Terror and Consent: The Wars for the Twenty-first Century by Philip Bobbitt is taken up in the December 4 issue of the New York Review of Books by David Cole (subscription required for access). Cole writes:
Bobbitt maintains that the defining struggle of the twenty-first century will pit "market states of consent," such as the United States and the European Union, against global terrorist organizations. He insists that we have no choice but to fight the "Wars against Terror," because the terrorists are already at war with us—over nothing less than the constitution of the future.
Terror and Consent is nothing if not ambitious. Bobbitt opens his 672-page book by boldly asserting that "almost every widely held idea we currently entertain about twenty-first century terrorism and its relationship to the Wars against Terror is wrong and must be thoroughly rethought." But many of Bobbitt's proposals are surprisingly conventional. He advocates stronger efforts to stem the proliferation of weapons of mass destruction; improvements in our ability to recover from catastrophes, whether natural or man-made; more extensive use of computer data and other forms of surveillance to identify and track terrorists; reform of international law to reflect the asymmetrical nature of modern warfare, in which insurgent groups often use illegal tactics; and respect for human rights and the rule of law. Many of those suggestions are sensible; but they are hardly unconventional, and one is left wondering what his grand vision of history adds to the conventional wisdom he claims to reject but often appears to echo. Where he is at his most unconventional—in defending coercive interrogation and "preventive war," and in reimagining world history to salvage his conception of the "Wars against Terror"—he is least persuasive.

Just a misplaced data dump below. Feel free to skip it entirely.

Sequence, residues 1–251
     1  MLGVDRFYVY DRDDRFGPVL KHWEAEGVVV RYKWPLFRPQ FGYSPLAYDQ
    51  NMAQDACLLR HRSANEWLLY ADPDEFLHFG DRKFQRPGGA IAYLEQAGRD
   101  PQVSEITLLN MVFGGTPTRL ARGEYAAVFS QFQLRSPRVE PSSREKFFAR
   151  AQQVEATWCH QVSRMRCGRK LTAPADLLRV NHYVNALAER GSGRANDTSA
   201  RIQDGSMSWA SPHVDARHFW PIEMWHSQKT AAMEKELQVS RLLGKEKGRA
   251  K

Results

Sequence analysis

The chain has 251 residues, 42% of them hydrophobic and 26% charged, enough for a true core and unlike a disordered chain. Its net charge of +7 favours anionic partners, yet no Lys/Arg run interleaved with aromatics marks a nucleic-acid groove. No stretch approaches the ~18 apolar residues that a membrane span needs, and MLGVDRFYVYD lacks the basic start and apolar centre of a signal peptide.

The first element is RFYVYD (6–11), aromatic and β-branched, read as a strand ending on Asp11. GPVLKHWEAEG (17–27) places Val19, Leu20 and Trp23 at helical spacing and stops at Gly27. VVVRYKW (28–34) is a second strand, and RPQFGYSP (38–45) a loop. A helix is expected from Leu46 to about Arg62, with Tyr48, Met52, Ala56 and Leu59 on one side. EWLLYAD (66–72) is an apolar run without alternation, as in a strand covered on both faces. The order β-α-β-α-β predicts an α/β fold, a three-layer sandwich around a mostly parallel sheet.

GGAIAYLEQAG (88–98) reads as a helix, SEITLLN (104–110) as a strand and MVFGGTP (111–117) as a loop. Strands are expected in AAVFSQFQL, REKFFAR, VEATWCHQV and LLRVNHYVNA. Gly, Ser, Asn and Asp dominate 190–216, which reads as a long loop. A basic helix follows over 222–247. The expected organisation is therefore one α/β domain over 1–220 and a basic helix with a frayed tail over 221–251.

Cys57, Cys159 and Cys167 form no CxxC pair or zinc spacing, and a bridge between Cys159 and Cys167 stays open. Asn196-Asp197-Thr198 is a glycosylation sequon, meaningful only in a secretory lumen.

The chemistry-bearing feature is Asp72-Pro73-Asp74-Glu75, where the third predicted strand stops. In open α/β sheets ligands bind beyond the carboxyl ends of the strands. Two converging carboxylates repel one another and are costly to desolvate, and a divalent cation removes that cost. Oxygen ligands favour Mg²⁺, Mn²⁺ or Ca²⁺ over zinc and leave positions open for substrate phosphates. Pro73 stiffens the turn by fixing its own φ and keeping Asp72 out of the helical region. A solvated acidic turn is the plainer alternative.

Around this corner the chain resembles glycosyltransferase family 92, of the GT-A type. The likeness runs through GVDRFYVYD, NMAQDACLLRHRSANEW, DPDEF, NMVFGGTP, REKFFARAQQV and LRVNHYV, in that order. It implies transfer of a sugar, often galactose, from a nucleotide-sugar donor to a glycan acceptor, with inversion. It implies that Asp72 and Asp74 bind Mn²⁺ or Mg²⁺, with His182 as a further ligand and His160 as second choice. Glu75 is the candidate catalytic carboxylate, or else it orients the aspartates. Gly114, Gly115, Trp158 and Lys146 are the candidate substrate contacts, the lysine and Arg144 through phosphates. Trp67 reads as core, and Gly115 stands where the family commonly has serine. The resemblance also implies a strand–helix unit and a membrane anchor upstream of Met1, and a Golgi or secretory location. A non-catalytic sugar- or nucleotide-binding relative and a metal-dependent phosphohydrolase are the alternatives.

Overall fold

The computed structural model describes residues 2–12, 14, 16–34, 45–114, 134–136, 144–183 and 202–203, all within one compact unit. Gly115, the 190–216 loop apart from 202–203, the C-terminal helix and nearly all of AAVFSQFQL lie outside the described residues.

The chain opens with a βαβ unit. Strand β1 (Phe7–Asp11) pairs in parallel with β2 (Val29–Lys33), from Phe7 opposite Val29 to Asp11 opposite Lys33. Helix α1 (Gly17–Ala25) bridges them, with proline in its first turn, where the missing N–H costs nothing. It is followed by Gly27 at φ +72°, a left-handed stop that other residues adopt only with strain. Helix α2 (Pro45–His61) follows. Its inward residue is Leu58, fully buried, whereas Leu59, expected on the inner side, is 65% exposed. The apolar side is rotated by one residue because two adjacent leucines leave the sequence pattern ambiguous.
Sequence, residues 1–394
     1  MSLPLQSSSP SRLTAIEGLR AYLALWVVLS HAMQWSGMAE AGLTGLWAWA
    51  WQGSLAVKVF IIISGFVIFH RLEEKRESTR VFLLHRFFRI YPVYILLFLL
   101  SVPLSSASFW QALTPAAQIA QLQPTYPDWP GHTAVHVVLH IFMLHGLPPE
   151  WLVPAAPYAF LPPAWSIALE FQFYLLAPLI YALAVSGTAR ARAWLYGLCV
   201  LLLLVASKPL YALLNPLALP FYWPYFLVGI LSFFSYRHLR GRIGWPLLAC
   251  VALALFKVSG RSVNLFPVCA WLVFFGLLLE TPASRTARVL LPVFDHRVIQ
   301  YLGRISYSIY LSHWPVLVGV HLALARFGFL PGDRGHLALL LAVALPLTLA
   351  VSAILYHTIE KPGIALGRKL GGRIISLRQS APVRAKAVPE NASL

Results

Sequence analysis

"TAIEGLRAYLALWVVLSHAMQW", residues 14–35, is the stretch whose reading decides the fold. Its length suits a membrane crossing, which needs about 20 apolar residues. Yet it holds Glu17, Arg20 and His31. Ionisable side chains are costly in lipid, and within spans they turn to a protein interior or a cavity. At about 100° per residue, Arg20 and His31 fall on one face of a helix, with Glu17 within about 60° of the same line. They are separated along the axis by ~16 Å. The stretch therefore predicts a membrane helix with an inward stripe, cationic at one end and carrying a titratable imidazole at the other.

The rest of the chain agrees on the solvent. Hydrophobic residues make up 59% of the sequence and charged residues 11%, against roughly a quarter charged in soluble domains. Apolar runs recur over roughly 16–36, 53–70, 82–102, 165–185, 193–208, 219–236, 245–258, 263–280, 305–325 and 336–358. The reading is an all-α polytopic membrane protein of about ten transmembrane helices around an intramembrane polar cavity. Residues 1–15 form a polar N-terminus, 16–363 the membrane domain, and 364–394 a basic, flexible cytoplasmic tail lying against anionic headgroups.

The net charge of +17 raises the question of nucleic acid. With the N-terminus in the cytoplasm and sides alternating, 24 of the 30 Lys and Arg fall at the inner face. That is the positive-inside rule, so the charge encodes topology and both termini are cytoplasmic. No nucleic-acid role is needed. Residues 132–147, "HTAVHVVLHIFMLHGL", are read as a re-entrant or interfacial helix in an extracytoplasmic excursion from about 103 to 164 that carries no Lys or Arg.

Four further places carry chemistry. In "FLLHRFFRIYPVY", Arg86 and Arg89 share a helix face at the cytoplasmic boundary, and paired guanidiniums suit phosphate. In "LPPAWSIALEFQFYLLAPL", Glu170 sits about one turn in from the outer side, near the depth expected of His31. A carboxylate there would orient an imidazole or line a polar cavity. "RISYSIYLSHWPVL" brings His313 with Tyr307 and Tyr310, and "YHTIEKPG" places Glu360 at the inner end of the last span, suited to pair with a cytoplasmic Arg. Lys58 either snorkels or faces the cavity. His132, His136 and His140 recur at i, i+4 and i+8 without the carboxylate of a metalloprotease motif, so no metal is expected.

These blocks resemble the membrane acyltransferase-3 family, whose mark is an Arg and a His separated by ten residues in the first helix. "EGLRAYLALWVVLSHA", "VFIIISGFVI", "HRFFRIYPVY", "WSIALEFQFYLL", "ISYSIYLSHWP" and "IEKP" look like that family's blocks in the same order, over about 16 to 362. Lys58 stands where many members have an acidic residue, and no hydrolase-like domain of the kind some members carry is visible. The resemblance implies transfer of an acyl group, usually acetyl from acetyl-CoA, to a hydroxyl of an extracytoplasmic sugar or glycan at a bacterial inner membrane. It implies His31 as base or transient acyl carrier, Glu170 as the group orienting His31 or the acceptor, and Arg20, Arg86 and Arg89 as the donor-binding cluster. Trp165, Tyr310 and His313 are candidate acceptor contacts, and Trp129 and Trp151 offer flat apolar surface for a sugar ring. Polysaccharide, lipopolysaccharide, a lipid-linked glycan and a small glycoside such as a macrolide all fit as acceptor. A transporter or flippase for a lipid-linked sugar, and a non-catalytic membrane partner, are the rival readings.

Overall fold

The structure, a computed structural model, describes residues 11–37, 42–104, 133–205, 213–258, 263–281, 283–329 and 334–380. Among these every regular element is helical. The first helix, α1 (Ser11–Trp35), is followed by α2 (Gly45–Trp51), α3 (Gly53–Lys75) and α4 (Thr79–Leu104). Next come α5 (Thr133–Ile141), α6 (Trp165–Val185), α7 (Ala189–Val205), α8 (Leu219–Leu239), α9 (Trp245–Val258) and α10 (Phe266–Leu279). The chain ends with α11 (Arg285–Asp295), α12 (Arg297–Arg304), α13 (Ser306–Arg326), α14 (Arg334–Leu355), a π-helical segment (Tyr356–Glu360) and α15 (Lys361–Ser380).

Continue reading here.
In an essay "The Historian Who Saw Through America," also in the NYRB, James M. McPherson discusses the late George Fredrickson, focusing on his most recent works Diverse Nations: Explorations in the History of Racial and Ethnic Pluralism (Paradigm, to be published in January 2009), and Big Enough to Be Inconsistent: Abraham Lincoln Confronts Slavery and Race. McPherson writes:
For more than thirty years George Fredrickson was a leading historian of race relations and racial ideologies in the United States and other multiracial societies. By a cruel trick of fate, his unexpected death on February 25, 2008, occurred three days before the official publication date of his book on Abraham Lincoln's racial attitudes, Big Enough to Be Inconsistent, and five months before publication of Diverse Nations, a collection of fifteen previously published articles and review essays. Fredrickson's thorough research, original insights, common-sense interpretations, and lucid prose made him a historian's historian as well as a writer who reached a broad audience with several of his books. He will be sorely missed by friends, colleagues, and readers—especially readers of this journal, for which he reviewed dozens of books over the past quarter-century.
The rest is here.
And finally, for all you football fans at the end of a big weekend, WAR AS THEY KNEW IT: Woody Hayes, Bo Schembechler, and America in a Time of Unrest by Michael Rosenberg is reviewed in the New York Times. Right sport, even if the teams are wrong. Go Bears.